Finally, I was out of town on a very tough service case that our field service couldn't handle. Our CEO, who had evidently broken his dialing finger, decided during my absence, to stroll out to engineering to get the scoop on the latest project from one of the technicians. I'm amazed he even found the place, but I digress… When asked when the prototype would be ready for customer trial the technician told the CEO: “I'm just waiting for Mark to give me a chip.” Thinking that it was simply an IC on backorder, said CEO phoned the customer to promise that the unit would be in their plant by the end of the week. The chip the technician referred to was in fact, a ROM chip. He didn't have it, because it was to contain the software that I had not even started on, much less tested. Two people with very narrow interests talking about important decisions is a disaster riding in on a pony.
Management has to have a sober, realistic understanding of what engineers really do out there in the back. No, they don't have to be able to write a line of code or design a network, but managers must listen, intelligently, dispassionately, and objectively. Engineers would help their cause immensely by speaking to management in language they can understand.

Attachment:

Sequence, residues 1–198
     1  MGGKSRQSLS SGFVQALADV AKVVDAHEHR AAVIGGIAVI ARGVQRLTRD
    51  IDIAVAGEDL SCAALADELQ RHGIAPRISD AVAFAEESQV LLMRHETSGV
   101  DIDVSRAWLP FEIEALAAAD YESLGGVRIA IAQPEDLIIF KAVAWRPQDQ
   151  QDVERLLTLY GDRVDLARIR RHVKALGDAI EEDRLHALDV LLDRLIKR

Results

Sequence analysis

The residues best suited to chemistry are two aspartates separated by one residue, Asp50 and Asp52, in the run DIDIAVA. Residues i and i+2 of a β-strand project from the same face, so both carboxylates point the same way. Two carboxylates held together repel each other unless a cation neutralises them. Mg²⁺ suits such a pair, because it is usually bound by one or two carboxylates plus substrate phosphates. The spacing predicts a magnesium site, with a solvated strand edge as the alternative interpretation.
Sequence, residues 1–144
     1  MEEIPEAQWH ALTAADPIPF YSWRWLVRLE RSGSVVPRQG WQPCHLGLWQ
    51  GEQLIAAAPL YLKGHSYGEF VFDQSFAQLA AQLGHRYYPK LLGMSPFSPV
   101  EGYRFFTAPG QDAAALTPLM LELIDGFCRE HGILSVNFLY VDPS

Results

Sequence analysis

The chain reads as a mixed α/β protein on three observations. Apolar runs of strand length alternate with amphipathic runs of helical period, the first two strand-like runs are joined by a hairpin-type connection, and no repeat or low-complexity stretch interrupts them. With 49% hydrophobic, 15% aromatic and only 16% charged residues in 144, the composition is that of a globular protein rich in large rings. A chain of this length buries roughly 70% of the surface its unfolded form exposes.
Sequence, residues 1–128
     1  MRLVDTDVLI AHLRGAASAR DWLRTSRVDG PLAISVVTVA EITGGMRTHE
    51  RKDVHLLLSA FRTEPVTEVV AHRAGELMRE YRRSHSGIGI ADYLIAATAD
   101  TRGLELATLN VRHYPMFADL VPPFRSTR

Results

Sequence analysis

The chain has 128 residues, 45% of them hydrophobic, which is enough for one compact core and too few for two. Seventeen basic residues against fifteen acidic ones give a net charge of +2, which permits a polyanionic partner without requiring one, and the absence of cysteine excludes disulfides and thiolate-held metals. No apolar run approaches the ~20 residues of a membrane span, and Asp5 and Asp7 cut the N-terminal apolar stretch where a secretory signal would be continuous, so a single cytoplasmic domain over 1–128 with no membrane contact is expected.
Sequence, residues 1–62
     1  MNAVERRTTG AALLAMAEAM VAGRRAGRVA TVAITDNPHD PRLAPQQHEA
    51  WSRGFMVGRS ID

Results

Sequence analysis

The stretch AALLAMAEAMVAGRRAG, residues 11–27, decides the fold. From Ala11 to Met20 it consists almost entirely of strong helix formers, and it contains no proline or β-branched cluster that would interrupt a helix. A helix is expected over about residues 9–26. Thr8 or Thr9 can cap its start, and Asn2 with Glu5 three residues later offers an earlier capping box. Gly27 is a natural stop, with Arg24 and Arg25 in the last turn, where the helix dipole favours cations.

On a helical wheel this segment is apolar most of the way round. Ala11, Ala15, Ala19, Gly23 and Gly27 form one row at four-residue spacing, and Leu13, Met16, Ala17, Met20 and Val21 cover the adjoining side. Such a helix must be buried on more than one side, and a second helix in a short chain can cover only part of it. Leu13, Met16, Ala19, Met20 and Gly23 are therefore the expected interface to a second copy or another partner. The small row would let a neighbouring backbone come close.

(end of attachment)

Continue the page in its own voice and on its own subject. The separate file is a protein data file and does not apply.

Real communication between management and engineering maximizes probability of success. Engineers feeling pressure to produce a schedule and budget that will “fly” are, in fact, writing a recipe for catastrophe. Managers accepting unrealistically resource budgets and overly ambitious schedules are inviting failure. Important stuff like code reviews and adequate testing are inevitable casualties of processes like this.
Management is the art of making decisions on inadequate and incomplete information. Engineering is the art of finding one solution out of the many possible that meets all constraints in an acceptable way. Left to their own devices, engineers will engineer a product to the nth degree. Management will ship a product whether its ready or not, after all, product in the lab instead of the marketplace isn't making any money. The trick is striking the balance between these unacceptable extremes.
Leave your ego, emotions, reputation, and other issues at the door. Each side ought to be willing and able to consult independent experts who can provide them with a bird's eye view and some fresh insights before things get to the desperate stage. It's sort of like code review, they don't do any good if you don't do them. It also helps your friendly local consultant make those Florida condo payments.
Eastern Regional Sales Manager
IAR Systems Software
I liked and agreed with most of Mark's letter, but as vice president of my firm, I can assure you I do not resemble the management types in your story. You see, we are not all stupid idiot boobs completely ignorant of technology, as you imply. I have a B.S.E.E. from University of California, Irvine, and also an MBA from the same institution. I also have 25+ years as a design engineer and project manager. So you see, us management types are not all the way you have portrayed us.
Kamran Kazem, V.P.
Magnetic Design Labs, Inc.